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Growing Birdhouse Gourd Rewards

May 03, 2010

Last year I endeavored to grow a gourd in hopes of creating birdhouses and water dippers and other fun crafts from the fruit.

Birdhouse Gourd Seeds

Birdhouse Gourd Seeds

As it turned out, I had very mixed success with birdhouse gourds.

I began by planting seed purchased from Irish Eyes. I planted about a dozen in sterile soil in the greenhouse, and only one germinated. I coddled that baby along until it was warm enough to move it out in the garden where I planted it to grow along the wire fence mixed with scarlet runner beans, sweet pea,  and butternut squash vines. A vision of loveliness, I imagined. And, truly, the combo was beautiful and fragrant and somewhat rewarding. But, I won’t be growing the gourds again.

Read on to learn about the on-going rewards that came from growing this plant as well as why I don’t intend to grow them again.

Birdhouse Gourd Bloom

Birdhouse Gourd Bloom

First, the vines were fast, aggressive growers, which would be fine if they didn’t also seem to be a favorite target of powdery mildew. Rapidly, the plant went under attack, and despite my efforts to spray with baking soda remedies and finally begin simply cutting away the infected leaves, the mildew was a persistent problem, and it hopped over to the butternut squash as well. The butternut seemed much more resistant, so my bad for growing the two together.

In addition to the problems with disease and poor seed germination results, the plant didn’t produce much fruit. The flowers on this plant opened in the evening — I swear one dusky summer night I watched as the flowers actually opened before my eyes. So, what pollinates them? By the time the flowers were open, the bees, flies and birds were in bed. So perhaps it needs a moth? In the end, I was the one that pollinated the flowers, by hand, and only with limited success.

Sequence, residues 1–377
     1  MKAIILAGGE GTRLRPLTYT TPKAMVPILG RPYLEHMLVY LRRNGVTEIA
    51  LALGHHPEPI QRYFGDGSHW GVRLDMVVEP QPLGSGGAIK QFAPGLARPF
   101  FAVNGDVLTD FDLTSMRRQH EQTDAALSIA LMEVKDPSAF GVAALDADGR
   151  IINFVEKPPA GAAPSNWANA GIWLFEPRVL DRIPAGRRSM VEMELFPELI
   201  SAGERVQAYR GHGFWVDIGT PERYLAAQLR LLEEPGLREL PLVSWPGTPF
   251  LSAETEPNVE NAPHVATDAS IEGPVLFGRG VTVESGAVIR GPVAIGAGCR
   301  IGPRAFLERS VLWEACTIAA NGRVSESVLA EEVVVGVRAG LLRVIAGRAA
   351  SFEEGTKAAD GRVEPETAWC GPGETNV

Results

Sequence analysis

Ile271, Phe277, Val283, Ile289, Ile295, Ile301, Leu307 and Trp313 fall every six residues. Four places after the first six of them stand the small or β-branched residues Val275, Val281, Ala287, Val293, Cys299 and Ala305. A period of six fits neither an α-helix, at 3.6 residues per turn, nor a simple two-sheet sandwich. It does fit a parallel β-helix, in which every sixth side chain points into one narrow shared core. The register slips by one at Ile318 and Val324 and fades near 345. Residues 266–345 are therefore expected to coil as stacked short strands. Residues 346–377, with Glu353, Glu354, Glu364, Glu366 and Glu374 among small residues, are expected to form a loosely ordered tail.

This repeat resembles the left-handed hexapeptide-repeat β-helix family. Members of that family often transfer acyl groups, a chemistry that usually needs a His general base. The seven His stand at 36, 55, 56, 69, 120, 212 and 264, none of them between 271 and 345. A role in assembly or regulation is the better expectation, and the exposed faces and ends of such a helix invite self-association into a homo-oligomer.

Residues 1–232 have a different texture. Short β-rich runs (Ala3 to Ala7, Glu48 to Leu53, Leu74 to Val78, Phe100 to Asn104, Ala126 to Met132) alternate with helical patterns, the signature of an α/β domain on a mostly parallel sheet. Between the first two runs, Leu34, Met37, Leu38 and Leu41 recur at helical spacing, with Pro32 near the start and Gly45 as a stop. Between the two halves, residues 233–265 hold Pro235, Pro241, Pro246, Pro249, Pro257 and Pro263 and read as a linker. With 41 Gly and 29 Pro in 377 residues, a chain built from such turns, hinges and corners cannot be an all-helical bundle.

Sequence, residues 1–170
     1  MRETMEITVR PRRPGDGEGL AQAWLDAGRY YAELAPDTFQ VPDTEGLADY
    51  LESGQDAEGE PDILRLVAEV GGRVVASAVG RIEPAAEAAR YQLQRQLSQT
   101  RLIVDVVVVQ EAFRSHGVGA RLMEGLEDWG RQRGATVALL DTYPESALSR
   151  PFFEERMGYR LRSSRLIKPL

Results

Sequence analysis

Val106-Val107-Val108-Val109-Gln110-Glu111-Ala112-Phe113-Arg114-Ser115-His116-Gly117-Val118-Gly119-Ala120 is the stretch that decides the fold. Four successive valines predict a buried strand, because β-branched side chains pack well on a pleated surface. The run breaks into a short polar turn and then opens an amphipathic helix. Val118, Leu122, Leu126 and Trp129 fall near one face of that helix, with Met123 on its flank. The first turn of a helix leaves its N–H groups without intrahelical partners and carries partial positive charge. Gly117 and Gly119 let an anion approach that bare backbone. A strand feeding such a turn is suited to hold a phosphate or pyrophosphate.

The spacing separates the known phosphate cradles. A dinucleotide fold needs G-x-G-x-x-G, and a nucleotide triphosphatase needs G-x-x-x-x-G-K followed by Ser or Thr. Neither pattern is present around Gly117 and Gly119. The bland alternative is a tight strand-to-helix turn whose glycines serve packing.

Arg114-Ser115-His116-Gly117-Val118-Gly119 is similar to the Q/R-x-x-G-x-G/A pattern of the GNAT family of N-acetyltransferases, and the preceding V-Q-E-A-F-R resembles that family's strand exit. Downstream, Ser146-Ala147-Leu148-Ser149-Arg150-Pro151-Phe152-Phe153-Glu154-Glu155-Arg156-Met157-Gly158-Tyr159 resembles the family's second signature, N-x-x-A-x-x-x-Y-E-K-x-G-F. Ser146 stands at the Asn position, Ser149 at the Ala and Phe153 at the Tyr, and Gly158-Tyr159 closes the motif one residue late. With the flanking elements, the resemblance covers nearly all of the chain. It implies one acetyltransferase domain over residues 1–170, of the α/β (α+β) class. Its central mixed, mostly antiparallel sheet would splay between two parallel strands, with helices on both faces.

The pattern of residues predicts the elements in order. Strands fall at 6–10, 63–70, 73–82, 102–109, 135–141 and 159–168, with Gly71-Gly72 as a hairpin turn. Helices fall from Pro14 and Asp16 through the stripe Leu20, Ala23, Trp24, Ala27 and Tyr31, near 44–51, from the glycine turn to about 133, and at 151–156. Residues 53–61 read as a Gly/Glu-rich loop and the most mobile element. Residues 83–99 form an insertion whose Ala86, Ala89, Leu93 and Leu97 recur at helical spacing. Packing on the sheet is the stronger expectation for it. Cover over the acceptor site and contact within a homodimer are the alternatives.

Birdhouse Gourd Forming on the Vine

Birdhouse Gourd Forming on the Vine

So, let’s recap — I seeded, coddled, sprayed, trimmed, hand-pollinated, and for what? One gourd!

I waited until the vines were quite withered and the skin was quite hard before harvesting my one precious fruit last fall. Then, I referred to a great step-by-step on curing and carving birdhouse gourds here. Except I didn’t quite follow the directions correctly, and began curing my gourd outdoors on our protected, if somewhat damp, front porch.

It got mildewed. It got slimy. It was wet. I thought it was just going to rot away like an abandoned Halloween pumpkin in the month of November.

But, I wiped it down with bleach to beat back the slime. I moved it into the dry basement where it began to dry. I wiped it again and again, and then forgot about it for the rest of winter. Then, in early March, I picked it up, thinking it was time to compost it. And, surprise! It was dry. It was stained with mildew remnants, but it was dry and hard and ready to become some kind of craft project.